• amphipod;
  • Dikerogammarus villosus;
  • Gammarus pulex;
  • intraguild predation;
  • invader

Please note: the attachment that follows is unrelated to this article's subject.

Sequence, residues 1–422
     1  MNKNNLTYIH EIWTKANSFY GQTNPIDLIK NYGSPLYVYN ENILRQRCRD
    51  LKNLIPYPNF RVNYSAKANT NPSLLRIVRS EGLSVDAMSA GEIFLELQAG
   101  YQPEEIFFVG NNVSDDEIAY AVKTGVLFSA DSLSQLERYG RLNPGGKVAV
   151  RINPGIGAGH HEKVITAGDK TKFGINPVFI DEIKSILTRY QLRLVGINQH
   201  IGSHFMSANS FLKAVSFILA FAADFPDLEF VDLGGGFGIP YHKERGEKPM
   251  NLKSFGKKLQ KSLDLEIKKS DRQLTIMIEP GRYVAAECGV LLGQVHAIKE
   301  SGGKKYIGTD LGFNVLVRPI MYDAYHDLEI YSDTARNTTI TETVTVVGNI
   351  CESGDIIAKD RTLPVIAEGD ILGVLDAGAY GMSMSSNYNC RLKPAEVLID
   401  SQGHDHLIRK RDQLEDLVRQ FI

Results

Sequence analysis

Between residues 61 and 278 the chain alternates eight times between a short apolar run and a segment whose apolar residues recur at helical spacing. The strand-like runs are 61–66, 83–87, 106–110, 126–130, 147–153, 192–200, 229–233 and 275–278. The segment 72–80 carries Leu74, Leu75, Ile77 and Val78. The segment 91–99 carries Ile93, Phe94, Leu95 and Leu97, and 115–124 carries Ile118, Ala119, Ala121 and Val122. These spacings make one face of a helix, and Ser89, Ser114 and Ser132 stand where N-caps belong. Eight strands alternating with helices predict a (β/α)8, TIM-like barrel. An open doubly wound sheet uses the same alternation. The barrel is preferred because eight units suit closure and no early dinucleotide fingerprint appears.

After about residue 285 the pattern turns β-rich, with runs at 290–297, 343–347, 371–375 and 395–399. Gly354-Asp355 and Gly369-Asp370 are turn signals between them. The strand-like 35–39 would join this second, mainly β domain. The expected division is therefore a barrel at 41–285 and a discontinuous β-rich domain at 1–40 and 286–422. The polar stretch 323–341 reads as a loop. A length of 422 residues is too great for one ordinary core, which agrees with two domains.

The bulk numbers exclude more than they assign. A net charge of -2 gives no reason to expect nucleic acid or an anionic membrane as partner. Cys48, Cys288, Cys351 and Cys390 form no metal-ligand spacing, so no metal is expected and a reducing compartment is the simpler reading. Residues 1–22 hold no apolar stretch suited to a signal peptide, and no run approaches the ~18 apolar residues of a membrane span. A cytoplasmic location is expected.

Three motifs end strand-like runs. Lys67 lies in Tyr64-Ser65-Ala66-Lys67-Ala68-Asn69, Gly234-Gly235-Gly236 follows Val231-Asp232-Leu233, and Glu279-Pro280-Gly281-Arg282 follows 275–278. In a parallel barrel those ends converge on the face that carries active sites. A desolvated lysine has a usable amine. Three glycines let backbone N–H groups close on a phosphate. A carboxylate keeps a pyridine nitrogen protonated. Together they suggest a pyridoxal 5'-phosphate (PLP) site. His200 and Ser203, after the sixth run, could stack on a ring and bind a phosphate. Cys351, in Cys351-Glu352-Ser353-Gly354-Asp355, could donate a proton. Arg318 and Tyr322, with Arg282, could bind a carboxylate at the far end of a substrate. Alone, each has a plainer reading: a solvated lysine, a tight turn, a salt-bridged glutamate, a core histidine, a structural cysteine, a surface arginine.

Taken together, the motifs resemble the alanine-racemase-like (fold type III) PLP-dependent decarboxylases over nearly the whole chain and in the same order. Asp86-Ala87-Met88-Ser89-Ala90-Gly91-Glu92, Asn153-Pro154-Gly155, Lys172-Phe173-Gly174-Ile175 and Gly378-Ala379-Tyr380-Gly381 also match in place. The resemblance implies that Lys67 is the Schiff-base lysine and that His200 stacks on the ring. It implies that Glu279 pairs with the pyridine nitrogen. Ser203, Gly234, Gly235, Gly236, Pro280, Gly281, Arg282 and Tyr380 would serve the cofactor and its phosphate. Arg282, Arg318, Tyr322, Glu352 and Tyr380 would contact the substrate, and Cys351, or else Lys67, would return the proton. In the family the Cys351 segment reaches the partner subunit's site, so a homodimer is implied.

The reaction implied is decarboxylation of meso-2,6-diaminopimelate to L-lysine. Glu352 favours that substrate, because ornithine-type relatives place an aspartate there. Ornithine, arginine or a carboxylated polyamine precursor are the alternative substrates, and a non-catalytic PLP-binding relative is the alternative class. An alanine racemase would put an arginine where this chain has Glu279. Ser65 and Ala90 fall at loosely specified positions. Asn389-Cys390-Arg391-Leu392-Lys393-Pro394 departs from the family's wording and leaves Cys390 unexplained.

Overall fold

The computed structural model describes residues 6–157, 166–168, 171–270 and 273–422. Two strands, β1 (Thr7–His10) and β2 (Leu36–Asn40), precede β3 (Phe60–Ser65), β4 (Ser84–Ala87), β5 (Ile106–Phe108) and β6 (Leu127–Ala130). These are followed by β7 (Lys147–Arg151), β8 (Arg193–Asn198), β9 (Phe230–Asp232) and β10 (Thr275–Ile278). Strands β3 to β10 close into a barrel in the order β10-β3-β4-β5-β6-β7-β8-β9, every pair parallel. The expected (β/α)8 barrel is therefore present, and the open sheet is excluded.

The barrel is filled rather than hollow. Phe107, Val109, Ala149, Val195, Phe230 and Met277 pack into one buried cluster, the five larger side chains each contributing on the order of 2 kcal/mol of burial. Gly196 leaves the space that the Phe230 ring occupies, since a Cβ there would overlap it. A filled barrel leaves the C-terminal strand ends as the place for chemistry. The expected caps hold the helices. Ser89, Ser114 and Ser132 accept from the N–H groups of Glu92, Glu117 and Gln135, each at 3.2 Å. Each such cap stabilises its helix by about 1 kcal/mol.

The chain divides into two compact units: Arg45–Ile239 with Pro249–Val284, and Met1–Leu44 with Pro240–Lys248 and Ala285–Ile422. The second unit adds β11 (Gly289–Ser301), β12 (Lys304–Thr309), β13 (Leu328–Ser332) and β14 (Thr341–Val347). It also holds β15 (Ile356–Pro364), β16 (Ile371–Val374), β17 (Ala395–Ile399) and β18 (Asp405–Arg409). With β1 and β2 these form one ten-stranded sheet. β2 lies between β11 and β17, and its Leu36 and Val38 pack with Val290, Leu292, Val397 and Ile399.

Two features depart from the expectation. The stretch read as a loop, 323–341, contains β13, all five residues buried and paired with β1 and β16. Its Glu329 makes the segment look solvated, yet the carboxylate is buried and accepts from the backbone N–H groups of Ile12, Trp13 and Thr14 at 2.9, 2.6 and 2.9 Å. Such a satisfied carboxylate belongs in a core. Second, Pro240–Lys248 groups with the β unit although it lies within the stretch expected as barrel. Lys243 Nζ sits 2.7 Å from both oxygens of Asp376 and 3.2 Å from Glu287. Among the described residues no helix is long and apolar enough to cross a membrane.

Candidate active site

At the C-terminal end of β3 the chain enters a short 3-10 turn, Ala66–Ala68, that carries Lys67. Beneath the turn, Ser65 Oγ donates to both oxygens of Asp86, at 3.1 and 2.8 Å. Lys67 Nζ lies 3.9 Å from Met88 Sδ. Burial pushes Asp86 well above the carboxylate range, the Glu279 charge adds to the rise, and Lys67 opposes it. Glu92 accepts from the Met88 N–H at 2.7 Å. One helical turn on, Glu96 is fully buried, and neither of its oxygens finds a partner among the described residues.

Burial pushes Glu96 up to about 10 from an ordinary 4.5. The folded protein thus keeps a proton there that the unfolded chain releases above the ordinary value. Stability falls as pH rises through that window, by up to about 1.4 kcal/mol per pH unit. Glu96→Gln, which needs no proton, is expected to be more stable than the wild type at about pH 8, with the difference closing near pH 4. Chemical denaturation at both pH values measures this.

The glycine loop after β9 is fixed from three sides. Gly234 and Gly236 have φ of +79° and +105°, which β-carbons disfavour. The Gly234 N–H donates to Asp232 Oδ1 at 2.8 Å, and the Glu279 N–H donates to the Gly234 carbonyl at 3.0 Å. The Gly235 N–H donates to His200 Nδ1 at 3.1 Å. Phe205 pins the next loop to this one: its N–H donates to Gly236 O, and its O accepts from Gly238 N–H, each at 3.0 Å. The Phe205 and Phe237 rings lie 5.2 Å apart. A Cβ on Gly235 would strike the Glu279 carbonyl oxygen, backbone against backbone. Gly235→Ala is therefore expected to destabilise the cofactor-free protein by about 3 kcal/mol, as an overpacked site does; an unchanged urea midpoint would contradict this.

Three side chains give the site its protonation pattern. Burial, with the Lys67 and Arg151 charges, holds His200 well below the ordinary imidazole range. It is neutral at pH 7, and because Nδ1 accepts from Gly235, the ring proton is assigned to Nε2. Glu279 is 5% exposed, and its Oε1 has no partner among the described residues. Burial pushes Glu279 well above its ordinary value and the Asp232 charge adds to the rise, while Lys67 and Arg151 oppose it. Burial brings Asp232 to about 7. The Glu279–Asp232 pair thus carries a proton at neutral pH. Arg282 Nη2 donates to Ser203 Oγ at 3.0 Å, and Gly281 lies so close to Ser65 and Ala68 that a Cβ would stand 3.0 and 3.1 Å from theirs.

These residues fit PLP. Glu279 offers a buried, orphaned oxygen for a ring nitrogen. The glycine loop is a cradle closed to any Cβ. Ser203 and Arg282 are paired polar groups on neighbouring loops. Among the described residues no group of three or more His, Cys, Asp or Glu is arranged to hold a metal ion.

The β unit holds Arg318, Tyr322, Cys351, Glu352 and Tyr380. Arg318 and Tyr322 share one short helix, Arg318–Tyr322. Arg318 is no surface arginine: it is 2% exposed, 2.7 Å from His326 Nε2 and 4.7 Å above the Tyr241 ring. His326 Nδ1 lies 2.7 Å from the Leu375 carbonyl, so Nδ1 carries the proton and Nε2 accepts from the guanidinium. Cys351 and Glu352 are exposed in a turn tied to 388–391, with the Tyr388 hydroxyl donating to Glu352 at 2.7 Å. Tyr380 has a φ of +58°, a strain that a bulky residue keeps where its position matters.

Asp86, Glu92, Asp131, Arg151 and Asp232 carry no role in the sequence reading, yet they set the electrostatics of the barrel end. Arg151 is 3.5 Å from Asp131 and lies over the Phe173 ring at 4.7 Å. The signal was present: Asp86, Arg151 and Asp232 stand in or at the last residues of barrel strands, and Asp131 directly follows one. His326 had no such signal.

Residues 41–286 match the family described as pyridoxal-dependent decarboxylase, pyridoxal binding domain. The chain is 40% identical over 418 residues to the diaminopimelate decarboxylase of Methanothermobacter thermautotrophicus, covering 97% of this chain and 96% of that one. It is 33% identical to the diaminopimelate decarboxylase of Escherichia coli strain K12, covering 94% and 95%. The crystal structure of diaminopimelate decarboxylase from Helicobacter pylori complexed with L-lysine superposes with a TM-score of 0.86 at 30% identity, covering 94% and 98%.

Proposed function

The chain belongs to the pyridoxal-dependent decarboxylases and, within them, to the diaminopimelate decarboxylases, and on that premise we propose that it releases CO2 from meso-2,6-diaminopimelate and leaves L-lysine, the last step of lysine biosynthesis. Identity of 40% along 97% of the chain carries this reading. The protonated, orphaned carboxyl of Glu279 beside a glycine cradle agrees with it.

Predation between invading and native species can produce patterns of exclusion and coexistence. Dikerogammarus villosus, a Ponto-Caspian amphipod species, has invaded many central European freshwaters in the past decade, replacing native Gammarus amphipod species. For instance, the arrival of D. villosus in Holland has been accompanied by the decline of Gammarus duebeni and G. tigrinus populations within invaded systems. This study examined what may happen when D. villosus eventually encounters native Dutch populations of Gammarus pulex, and how factors such as microhabitat and food resource availability could contribute to a future species replacement or coexistence. A laboratory simulation of a lake/pooled area of river indicated that G. pulex and D. villosus differed in distribution within the same habitat, and showed that although the distribution of the native differed in the presence of the invader, the presence of the native had no effect on the distribution of the invader. Gammarus pulex suffered severe intraguild predation (IGP) from D. villosus in mixed species treatments with no reciprocal predation of D. villosus by G. pulex. This IGP occurred regardless of whether no alternative food resource was available (91% of the G. pulex population eliminated after 7 days), or alternative foods/prey were available to excess, such as leaf material (85%), chironomids (77%) or fish food flakes (74%). We conclude that although differential microdistribution of the two species could promote coexistence, the presence of alternative foods/prey resources, merely slow the rate of IGP and replacement of the native by the invader. Our study joins one of an increasing number emphasizing the potential damaging impacts of D. villosus on native communities.